What is the charge?
Owners of Irish residential property on 1 January 2012 are liable to pay the household charge by 31 March 2012. This includes those properties that are already liable to the €200 charge on Non-Principal Private Residences. There are a limited number of exemptions and waivers which are set out below.
The household charge is payable by the owner of the building in respect of each unit of residential accommodation. Therefore, where a building is divided into a number of flats or bedsits, the charge applies to each flat or bedsit. However, where a house let as one unit to a number of occupants, the charge is only €100 for the entire dwelling.
Where a property is jointly owned, the liability falls on all co-owners, but payment by any one co-owner discharges the liability of all co-owners.
It is an annual charge, although it is expected that, by this time next year, the charge will have mutated into a full-blown property tax which may be a lot more costly than €100.
What are the exemptions?
Exemptions from the charge include:
- Owners of residential property entitled to mortgage interest supplement
- Owners of residential property located in certain prescribed unfinished housing estates
- Residential property where a person has to leave their house due to “long-term mental or physical infirmity” (for example, where a person has moved into a nursing home). Their condition needs to be certified by a registered practitioner
- A mobile home
- For builders, a building forming part of the trading stock of a business (but only if it has not previously been let or used as a dwelling)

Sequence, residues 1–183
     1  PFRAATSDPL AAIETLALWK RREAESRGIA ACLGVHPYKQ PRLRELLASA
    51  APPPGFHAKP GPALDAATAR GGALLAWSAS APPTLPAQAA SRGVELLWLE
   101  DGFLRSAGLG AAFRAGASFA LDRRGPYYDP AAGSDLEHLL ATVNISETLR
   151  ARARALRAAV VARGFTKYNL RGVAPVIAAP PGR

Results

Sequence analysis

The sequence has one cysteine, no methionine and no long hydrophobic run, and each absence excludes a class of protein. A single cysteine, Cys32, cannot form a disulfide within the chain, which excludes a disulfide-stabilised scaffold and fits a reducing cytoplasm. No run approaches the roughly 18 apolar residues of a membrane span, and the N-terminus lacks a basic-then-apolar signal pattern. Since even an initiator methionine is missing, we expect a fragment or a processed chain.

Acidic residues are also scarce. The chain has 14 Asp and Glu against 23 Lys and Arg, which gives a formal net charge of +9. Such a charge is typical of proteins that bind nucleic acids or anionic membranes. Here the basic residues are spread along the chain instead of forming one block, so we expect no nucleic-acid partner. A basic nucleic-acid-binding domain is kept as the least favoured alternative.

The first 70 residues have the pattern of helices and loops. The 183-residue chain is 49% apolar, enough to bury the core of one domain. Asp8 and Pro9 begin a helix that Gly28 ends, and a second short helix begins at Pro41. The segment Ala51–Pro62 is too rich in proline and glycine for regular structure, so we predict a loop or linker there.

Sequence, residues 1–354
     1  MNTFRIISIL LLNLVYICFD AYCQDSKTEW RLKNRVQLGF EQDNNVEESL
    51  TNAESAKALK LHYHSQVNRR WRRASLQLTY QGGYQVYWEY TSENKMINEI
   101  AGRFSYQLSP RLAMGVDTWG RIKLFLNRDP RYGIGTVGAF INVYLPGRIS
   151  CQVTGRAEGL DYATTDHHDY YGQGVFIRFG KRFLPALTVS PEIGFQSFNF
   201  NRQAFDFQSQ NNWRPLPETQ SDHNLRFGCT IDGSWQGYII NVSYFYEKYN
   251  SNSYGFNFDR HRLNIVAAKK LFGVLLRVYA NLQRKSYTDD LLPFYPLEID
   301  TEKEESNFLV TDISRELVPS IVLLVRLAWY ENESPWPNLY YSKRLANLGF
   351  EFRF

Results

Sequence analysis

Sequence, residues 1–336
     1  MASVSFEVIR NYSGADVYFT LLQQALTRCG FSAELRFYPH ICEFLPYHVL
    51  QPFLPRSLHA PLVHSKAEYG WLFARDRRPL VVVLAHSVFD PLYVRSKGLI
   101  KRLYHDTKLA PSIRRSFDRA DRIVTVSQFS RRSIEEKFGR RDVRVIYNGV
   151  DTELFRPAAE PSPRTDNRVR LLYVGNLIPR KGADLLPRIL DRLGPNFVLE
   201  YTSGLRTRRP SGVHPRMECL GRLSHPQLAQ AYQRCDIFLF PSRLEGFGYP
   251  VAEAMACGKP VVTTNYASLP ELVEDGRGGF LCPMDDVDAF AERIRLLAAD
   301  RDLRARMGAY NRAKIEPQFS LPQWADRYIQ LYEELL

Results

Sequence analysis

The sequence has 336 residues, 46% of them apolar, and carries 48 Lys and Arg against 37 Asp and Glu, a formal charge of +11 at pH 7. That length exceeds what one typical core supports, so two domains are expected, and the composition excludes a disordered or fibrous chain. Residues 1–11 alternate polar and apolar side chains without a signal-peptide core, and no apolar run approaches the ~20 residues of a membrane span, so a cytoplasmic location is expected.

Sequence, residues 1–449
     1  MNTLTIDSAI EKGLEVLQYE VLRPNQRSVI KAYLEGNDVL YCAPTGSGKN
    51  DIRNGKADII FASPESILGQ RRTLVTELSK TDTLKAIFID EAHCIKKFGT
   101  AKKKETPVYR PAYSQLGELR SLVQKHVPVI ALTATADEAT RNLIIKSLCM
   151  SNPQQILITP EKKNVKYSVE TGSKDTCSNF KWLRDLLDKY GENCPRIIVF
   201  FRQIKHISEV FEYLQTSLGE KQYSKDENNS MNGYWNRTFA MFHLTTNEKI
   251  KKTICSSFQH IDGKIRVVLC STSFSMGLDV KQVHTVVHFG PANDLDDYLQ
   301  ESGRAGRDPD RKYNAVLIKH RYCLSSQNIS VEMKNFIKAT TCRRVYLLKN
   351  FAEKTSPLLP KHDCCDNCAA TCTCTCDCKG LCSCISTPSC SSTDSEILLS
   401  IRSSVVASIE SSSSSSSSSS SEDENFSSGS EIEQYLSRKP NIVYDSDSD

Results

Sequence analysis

Please note that owners of residential property entitled to mortgage interest supplement and owners of residential property located in certain prescribed unfinished housing estates are nevertheless obliged to file a return and claim a waiver from the charge.
How to pay
You can pay online, by accessing the website www.householdcharge.ie
Alternatively, you can complete the application form and submit this to any of the local area County Council offices. The liability can be paid in full by 31 March. Alternatively, it can be paid by 4 equal instalments by Direct Debit; under this alternative, any Direct Debit mandate should be set up by 1 March, with the payments of €25 being due in March, May, July and September.
You will be obliged to provide certain information, including the following:
- Name of owner of the property;
- Address of the property;
- Correspondence address of the owner;
- Your Personal Public Service (PPS) Number
- If owned by a company, the corporation tax reference number or CRO number
You will receive or be able to print out a receipt acknowledging payment of the household charge.
What happens if I don’t pay or don’t pay on time?
This will be subject to late payment fees and late payment interest. The late payment fee varies from 10% to 30%, depending on how late the payment is made. In addition, late payment interest of 1% per month will apply to unpaid amounts.
How does non-payment affect me if I am to sell or transfer the house?
Both the €100 charge and any accumulated fees and interest will be a charge against the property for 12 years after the charge or late payment penalties became due. Any charges due on a residential property will have to be paid, in full, before a transfer or sale of the property can be legally transferred.
If you have any queries on this or any other property related matter please contact Joe Considine at Hassett Considine Solicitors who have offices in Kilrush and Ennis – see numbers below.